Crafting anything is an art and it is the way to emphasize and celebrate uniqueness. Brewers … Explore the craft you have chosen. If you truly are a craft brewer you should push the boundaries. Color outside the lines. Mix the paints. Think outside the box. Don’t cheapen the meaning of the word in pursuit of the almighty dollar. Make money as a result of exploring where you can take craft. You don’t have to be bigger to be better. You have to be better to get bigger. Focus on being better and the bigger will follow.

Tomorrow: Part 2 and the conclusion of Craft Inc. 

Contracts vs. Cash Flow

Unbelievably, there are still hop growers increasing acreage in 2017. They say “they have contracts” or “the wheels are in motion” or that “the plans have been in the works for a while”. That was OK back in July, but the picture has become much clearer in the past few months. Time to change the plan!  Last week, a grower who lives about 45 minutes outside of the Yakima valley growing region called. He said he plans “to start a hop farm this year”. He wanted to know if we needed anything. Crazy!  Actually, I can understand his naivety. He doesn’t know the industry. He probably read some poorly researched articles in the Wall Street Journal and other news outlets saying how there aren’t enough hops in the world. The growers who have been around for a while should know better. Some of them don’t. 

What good is a contract if you don’t get paid on time? I believe the year 2017 will be the year the word “contracted” loses its value in the hop industry. Cash flow, instead, will be the operative word. There is no cost to sign contracts. Contracts are too easy for brewers to sign. When things go sideways, brewers expect merchants to fix their contracts at no cost. The hop industry is trying to help fix the problems where it can. The scale of the problem is too large for half of the equation to handle alone. Merchants and growers contracted with brewers they trusted to act responsibly. It seems that trust was misplaced. There has never been a way to check what the total contracted position of a brewer is prior to signing a contract.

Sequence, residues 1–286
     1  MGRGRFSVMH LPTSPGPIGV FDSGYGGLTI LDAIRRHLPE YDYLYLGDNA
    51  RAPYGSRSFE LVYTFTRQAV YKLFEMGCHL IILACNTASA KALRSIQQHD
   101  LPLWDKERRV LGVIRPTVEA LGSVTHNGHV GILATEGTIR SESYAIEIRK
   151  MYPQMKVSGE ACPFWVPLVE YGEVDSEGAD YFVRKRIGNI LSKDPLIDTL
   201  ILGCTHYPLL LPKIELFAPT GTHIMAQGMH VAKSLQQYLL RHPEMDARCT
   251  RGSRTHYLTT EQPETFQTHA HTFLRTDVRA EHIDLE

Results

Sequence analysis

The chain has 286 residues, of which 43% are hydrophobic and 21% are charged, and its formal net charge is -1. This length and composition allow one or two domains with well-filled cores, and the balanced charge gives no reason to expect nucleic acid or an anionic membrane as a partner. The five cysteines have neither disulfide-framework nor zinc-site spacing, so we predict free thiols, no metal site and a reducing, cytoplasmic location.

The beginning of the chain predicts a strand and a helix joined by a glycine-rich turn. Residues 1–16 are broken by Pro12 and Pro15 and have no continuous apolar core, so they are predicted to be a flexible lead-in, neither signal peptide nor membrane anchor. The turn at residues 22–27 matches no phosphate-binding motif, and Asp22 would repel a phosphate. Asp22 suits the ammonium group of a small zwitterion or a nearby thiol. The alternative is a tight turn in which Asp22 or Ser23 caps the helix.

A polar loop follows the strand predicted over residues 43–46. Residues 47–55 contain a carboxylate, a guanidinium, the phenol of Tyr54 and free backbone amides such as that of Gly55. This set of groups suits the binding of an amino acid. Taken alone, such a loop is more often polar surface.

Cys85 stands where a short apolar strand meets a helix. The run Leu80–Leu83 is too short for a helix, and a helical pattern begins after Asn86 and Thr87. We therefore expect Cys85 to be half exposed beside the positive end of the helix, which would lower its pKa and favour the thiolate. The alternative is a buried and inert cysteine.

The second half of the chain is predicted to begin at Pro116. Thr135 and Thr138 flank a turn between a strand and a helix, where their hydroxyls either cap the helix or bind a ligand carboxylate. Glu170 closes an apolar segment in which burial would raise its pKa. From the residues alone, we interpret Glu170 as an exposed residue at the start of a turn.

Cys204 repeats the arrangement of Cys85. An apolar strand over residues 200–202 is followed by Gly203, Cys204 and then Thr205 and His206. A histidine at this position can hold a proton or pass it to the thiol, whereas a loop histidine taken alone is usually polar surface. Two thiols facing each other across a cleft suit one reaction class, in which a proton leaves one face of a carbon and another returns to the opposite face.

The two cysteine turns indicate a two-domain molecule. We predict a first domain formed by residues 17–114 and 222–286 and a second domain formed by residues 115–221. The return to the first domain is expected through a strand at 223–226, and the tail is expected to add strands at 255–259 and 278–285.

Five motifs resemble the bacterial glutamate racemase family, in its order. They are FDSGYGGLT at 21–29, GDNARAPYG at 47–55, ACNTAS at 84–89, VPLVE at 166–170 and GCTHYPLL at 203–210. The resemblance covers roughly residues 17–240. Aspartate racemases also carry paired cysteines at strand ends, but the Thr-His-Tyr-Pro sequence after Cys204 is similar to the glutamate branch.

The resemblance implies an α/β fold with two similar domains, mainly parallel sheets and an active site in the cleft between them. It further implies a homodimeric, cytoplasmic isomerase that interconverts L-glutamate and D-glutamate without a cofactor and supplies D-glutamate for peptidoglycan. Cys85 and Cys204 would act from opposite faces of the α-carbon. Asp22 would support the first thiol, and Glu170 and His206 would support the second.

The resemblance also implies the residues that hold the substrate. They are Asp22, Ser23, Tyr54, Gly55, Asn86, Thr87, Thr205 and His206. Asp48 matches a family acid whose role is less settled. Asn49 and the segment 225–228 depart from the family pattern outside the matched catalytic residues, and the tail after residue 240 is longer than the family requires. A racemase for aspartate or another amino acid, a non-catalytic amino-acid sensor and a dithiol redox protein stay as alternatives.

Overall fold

I don’t remember hearing a Latin phase “Auctor Emptor” or “Seller Beware”. I guess the Romans never sold hops. There is no way for a merchant or a grower to know if a brewer is contracting responsibly. During the past few years, many of them were not. Maybe there needs to be a transparency phase prior to signing a contract.